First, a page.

Toledo Talk

$10M Gold Coin Hoard Found

You heard about this, right? A news report said the couple found $10Mil in gold coins on their property and the government was going to claim $5 million of the treasure. Well, it's just getting worse now. You have to kind of laugh at it. I suppose they thought they were going to get a book offer out of it and make another $5M to make up for the government's take. Isn't there a statute of limitations on this?

"A California couple who found a stash of buried gold coins valued at $10 million may not be so lucky after all. The coins may have been stolen from the US Mint in 1900 and thus be the property of the government, according to a published report.

"The couple is trying to remain anonymous after finding the five cans of coins last spring on their Tiburon property in northern California and conducted an interview with Kagin."

http://gma.yahoo.com/10m-gold-coin-hoard-found-yard-may-stolen-141317823--abc-news-personal-finance.html?vp=1

created by pete on Mar 04, 2014 at 08:19:07 pm     Comments: 21

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Comments ... #

Umkay.

Let's see,

No, there is no book deal. Nor is one suggestion in your linked article.

Why would a person who just stumbled into $5M need to do anything to "make up" the suggested $5M in tax? Illogical.
Hello.... $5M after taxes. Found. $5M.

Your own article refutes your suggestion of the theft connection:
"Mint spokesman Adam Stump issued this statement when contacted today by ABC News: "We do not have any information linking the Saddle Ridge Hoard coins to any thefts at any United States Mint facility."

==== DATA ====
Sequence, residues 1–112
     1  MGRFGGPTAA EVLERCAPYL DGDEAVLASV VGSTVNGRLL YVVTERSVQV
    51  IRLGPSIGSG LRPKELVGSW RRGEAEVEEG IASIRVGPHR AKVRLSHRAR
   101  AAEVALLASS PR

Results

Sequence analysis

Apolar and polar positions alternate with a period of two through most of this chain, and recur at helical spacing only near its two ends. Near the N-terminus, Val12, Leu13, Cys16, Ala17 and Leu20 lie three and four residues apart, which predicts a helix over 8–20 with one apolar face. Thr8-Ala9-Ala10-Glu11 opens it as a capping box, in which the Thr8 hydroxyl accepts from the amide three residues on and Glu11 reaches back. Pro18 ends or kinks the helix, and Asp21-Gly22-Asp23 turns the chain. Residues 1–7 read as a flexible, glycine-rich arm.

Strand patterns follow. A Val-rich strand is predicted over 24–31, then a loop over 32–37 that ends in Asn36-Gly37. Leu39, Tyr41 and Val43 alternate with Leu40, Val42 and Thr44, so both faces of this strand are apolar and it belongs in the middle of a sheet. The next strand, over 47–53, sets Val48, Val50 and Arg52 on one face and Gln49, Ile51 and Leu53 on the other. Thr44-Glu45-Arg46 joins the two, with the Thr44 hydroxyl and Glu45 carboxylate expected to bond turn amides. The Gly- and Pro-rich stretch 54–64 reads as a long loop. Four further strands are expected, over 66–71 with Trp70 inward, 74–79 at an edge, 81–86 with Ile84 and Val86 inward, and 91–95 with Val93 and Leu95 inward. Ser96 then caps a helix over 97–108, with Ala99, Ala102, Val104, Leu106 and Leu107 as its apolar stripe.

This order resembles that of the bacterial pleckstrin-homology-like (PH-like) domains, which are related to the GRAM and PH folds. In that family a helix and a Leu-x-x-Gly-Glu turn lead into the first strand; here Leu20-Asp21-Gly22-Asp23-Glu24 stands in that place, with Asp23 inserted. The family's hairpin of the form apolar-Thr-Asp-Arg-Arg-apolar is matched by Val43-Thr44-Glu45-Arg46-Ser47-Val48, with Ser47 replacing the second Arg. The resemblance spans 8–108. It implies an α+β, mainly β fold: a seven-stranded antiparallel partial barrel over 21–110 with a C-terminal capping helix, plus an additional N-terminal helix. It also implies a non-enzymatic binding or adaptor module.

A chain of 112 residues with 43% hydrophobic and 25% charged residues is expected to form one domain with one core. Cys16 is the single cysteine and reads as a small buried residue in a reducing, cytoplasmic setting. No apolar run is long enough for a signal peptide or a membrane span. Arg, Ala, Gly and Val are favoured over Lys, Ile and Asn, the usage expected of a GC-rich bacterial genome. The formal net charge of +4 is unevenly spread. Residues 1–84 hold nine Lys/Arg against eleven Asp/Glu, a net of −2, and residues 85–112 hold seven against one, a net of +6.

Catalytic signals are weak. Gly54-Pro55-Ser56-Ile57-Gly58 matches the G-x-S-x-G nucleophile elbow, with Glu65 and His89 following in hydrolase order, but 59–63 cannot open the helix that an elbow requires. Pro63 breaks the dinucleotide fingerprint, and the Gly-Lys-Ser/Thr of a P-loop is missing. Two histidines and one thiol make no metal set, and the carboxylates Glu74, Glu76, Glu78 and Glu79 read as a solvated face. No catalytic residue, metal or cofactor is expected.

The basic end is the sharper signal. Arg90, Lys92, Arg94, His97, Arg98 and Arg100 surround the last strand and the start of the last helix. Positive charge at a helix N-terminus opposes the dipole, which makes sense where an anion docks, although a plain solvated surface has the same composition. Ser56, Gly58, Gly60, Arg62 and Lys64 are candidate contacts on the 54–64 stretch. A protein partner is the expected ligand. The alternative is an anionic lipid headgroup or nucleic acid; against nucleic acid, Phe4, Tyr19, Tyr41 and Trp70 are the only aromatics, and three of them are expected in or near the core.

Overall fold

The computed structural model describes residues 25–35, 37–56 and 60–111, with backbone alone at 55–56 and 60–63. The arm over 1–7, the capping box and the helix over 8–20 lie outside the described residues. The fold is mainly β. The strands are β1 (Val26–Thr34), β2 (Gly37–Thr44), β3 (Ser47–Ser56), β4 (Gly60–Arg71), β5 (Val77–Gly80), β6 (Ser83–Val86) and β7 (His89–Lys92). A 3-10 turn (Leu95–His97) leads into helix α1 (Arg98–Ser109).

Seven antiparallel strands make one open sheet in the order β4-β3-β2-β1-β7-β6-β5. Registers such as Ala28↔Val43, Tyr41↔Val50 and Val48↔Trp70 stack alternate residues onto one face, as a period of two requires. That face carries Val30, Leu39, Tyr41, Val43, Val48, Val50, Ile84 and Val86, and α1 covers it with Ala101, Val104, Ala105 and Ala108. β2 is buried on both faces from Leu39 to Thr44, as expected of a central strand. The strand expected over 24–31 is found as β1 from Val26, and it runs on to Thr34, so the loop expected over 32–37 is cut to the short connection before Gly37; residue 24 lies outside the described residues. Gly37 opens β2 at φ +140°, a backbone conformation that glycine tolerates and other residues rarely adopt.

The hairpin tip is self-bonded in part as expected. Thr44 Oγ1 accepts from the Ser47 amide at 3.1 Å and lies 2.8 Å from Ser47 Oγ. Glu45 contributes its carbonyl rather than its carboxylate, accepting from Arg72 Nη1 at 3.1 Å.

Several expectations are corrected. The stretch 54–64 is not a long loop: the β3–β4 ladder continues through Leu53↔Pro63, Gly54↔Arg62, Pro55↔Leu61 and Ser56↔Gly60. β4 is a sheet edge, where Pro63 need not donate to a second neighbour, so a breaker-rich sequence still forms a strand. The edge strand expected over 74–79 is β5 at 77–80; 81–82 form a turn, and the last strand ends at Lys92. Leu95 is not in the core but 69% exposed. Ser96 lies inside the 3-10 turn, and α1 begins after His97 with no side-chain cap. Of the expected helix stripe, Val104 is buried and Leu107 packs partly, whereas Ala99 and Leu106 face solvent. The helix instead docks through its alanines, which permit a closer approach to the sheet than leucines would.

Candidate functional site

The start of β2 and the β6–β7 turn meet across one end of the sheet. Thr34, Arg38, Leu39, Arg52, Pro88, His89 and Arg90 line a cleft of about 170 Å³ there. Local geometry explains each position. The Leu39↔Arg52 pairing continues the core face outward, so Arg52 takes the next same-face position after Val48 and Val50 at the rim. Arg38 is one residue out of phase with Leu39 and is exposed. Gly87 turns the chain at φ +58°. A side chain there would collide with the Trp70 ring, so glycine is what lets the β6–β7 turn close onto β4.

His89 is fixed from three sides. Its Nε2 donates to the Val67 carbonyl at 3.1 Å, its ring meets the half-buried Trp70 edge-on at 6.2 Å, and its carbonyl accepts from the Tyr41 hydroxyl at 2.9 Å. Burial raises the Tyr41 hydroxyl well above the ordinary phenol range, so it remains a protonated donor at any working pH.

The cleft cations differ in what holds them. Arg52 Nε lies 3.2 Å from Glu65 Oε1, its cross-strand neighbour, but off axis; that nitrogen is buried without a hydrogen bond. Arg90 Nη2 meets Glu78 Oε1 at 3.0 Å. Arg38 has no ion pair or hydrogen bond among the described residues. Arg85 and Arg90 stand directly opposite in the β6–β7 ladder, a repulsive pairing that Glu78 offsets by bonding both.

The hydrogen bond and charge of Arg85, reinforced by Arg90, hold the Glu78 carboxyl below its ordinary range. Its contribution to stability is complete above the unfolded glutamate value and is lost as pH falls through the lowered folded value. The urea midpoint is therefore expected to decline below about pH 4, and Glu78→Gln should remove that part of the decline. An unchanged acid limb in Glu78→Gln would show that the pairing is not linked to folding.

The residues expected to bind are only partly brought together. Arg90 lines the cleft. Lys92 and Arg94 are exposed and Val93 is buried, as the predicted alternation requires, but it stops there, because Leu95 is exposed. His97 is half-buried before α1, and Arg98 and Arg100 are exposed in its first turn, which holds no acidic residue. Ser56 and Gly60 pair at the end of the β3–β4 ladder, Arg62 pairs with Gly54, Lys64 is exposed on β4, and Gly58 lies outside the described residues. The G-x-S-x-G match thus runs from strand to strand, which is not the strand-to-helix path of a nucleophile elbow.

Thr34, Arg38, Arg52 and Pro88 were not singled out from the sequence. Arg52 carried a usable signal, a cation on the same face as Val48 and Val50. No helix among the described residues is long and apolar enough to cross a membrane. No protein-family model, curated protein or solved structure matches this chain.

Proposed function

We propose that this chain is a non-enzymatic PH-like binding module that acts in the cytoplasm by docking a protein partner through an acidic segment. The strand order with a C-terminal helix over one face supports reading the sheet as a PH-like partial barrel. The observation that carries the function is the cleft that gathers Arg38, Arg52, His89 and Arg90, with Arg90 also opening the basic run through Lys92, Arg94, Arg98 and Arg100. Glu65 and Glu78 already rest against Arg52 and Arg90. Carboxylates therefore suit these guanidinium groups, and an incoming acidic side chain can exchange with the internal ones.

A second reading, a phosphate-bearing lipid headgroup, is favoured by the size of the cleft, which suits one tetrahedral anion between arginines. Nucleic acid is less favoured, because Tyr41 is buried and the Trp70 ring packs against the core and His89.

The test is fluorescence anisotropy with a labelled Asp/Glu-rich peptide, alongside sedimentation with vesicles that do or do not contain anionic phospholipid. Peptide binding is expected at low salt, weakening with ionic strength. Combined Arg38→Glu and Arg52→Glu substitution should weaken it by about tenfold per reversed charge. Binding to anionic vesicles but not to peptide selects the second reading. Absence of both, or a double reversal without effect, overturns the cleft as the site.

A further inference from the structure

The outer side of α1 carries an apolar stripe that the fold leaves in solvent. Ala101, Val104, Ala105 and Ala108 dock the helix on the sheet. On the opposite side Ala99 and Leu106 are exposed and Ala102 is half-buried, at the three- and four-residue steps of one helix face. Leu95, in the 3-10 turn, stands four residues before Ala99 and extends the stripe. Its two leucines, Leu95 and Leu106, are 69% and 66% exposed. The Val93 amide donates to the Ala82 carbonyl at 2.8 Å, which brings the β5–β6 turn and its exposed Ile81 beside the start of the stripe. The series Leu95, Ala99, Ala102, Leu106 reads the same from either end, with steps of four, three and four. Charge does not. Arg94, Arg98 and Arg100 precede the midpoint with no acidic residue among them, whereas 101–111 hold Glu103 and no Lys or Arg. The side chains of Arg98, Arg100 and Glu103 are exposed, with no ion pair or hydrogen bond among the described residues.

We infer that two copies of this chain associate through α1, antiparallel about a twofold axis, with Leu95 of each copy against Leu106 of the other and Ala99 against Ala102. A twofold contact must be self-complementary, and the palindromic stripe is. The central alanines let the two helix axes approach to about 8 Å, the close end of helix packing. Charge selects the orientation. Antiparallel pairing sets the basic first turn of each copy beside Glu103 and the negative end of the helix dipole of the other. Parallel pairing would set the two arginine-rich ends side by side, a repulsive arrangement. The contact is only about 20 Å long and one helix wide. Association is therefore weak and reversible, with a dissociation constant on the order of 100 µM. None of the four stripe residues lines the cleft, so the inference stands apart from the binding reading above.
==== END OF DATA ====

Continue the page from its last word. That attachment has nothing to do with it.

Leaving the casual reader to ask themselves "WTF is up with this hater?"

posted by justread on Mar 04, 2014 at 09:48:16 pm     #  

Justread, did you miss this paragraph?

"This was someone's private coin, created by the mint manager or someone with access to the inner workings of the Old Granite Lady (San Francisco Mint)," Trout told the newspaper. "It was likely created in revenge for the assassination of Lincoln the previous year (April 14, 1865). I don't believe that coin ever left The Mint until the robbery. For it to show up as part of the treasure find links it directly to that inside job at the turn of the century at the San Francisco Mint."

posted by pete on Mar 05, 2014 at 01:56:49 am     #  

No.

Trout's guess was refuted by the statement from the actual spokesman from the actual mint.

I haven't figured out why we are laughing at these people yet.

posted by justread on Mar 05, 2014 at 07:03:16 am     #  

" laughing at these people "
Because they couldn't keep their mouths shut.

posted by pete on Mar 05, 2014 at 09:17:48 am     #  

Where were they going to cash these in - without questions and paperwork pete? A Seven Eleven Change to Cash machine?

posted by Molsonator on Mar 05, 2014 at 09:26:50 am     #   1 person liked this

Sell 'em one at a time over several years.

posted by pete on Mar 05, 2014 at 09:43:12 am     #  

I have decided that I don't need to understand why someone would have contempt and disdain for total strangers and assign negative motives to them simply because they found something of value.
Like the kids say, haters are gonna hate.

posted by justread on Mar 05, 2014 at 10:08:57 am     #   7 people liked this

"simply because they found something of value. "

Not at all! I am happy when someone finds something like that. I am just astounded that they had to blab to the entire world about their find. Everyone, especially the government, now wants a piece of their good fortune. They should have kept their mouths shut.

posted by pete on Mar 05, 2014 at 10:18:39 am     #  

I had the same thought. Why would you tell anyone anything they absolutely did not need to know? The government already steals a fortune from us. Why lick the boot that kicks you?